And then! Oh, the noise! Oh, the Noise! Noise! Noise! Noise!
That’s one thing he hated! The NOISE! NOISE! NOISE! NOISE!
-Dr. Seuss, How the Grinch Stole Christmas
The sound of Christmas singing and holiday cheer was nothing but an unwelcome racket to someone as cranky as the Grinch. A creature of solitude, he wanted simply to be left alone in peace and quiet to wallow in his own misery. However, the Christmas hullabaloo down below in Whoville inevitably echoed up the mountainside every year to hassle the old grump, leaving him unable to keep the life of undisturbed silence he would angrily fight for.
This week I discovered that the Grinch and I have something in common. No, it doesn’t have anything to do with hating Christmas, stealing from people, or being green. Rather, like the Grinch, I’m slowly become more aware of the noise around me. Or, perhaps, it’s more like I’m getting annoyed by the noise around me. Being a relatively young man (31) and in the throes of raising a family with three small children, life is busy. There is always something to do, and the task list grows faster than my ability to check things off. There are meetings, errands, home care, shopping, feeding, bathing kids, and of course the crazy teenagers I spend every Tuesday and Wednesday night with at youth group. Life often just seems LOUD.
I’ll admit I need to give credit to my friend Ryan for showing me this, although he never meant to. Ryan is suffering from stage 4 GBM (brain cancer) and is no longer receiving treatment. He and I go out usually every week to grab a coffee and hang out, or just run a quick errand here and there. Our visits tend not to last very long, however, since Ryan’s condition often leads to what he calls “brain fatigue”, which is basically a sensory overload that makes it hard for him to concentrate. In order to try and make the most of our time together, we try to strategically avoid too much stimulation that would unnecessarily drain his energy. This has slowly opened my eyes to just how freaking noisy the world around us really is.
When I pick Ryan up, I make sure to turn off the radio. I turn down the blower in my car too because it makes a subtle ticking noise. If we go for coffee, we can usually get a good 45 minutes in of conversation. Yet I can’t help but notice the music over the speakers, the loud coffee grinder churning away, the sliding doors opening and closing constantly, and the clanging of grocery carts as a worker collects them in the foyer. Not to mention just the general noise of chatter and the hustle and bustle of people around us.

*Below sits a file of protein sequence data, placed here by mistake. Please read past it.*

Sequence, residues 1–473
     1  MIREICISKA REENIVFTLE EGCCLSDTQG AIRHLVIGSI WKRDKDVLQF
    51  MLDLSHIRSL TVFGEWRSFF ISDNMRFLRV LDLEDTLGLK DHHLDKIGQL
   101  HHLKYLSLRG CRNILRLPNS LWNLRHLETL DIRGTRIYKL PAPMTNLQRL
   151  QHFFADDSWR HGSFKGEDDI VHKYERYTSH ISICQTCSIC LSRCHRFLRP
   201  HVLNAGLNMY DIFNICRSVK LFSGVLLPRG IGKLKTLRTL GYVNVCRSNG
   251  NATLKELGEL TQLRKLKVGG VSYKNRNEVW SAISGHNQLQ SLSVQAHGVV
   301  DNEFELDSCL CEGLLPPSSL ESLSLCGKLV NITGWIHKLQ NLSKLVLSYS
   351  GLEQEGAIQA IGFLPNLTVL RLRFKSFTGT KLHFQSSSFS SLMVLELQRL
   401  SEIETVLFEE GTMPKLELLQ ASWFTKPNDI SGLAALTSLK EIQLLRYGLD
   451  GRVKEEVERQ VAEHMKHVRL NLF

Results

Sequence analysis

Wal-Mart is the absolute worst for this. We only go there if we have to. It is sensory overload to the max. Bright fluorescent lights, the sound of a few hundred shoppers, and colours and signs everywhere you look. Even the “fast” checkout is overload, with it’s 30 foot long racks of magazines, candy, and random trinkets. Then when you finally get near the front of the line, a loud computerized voice yells out, “Please go to cashier number 7!”. Once there, the cashier will scan your items one at a time. Have you ever bothered to listen to how loud that beep is? Even walking through the parking lot you are met with people all around pushing noisy carts across the bumpy pavement and cars with garbage mufflers circling around looking for parking spots.
As I’ve thought about this a little, it’s obvious we are inundated with noise at virtually every moment of every day. We consume hours worth of television, music, and cell phone apps/alerts/conversations from dawn to dusk. We go to work on a construction site with machinery banging all around, or in a bustling office with keyboards clicking and printers humming non-stop. No matter where we turn, our ears are pummelled relentlessly with vibrations both big and small that no doubt affect us more than we likely appreciate.
If you think you’re life isn’t very loud, just try sitting in a quiet place by yourself without doing anything. Do it for three minutes. After the first minute it will start to feel weird. You’ll begin to have the sense like you should be doing something or you need some “background noise” at the very least. It’s almost like we can’t function without noise. The world is noisy in general, but we exacerbate the problem by piling on. We would, like the Grinch, begin to cry out for the NOISE NOISE to stop, except that we’ve pretty much gotten used to it.
So what’s the big deal? Well, Scripture says that God speaks to us in a “still, small voice” (1 Kings 19:12, NKJV). While God does sometimes shout to get our attention, and in the Bible he often speaks with a voice like thunder, it seems more common that God’s voice comes like a whisper in the moments of silence. If this is true, then we are probably not hearing much of God in our lives because there’s simply too much NOISE.
I have felt closest to God when I have a regular pattern of quiet time with the Lord, reading Scripture, praying, and quietly singing a song. When I neglect this practice and allow the noise of life to overwhelm me, I begin to lose the sense of intimacy with him. And no wonder! How am I supposed to hear the sound of his still, small voice when I won’t bother to turn down the volume and even listen?
Friends, we do ourselves a great disservice when we refuse to find moments of quiet with God. The hustle and bustle of life is inevitable, but will eventually lead to serious burnout and a lack of God’s voice in our lives if left unattended. We need to develop the habits of slowing down, unplugging from all the technology, putting our to-do list aside, and just sitting in a quiet place for no other reason than just to unwind and meet with God. Nothing re-charges the soul quite like being immersed in his presence. It’s simply too important for us to ignore.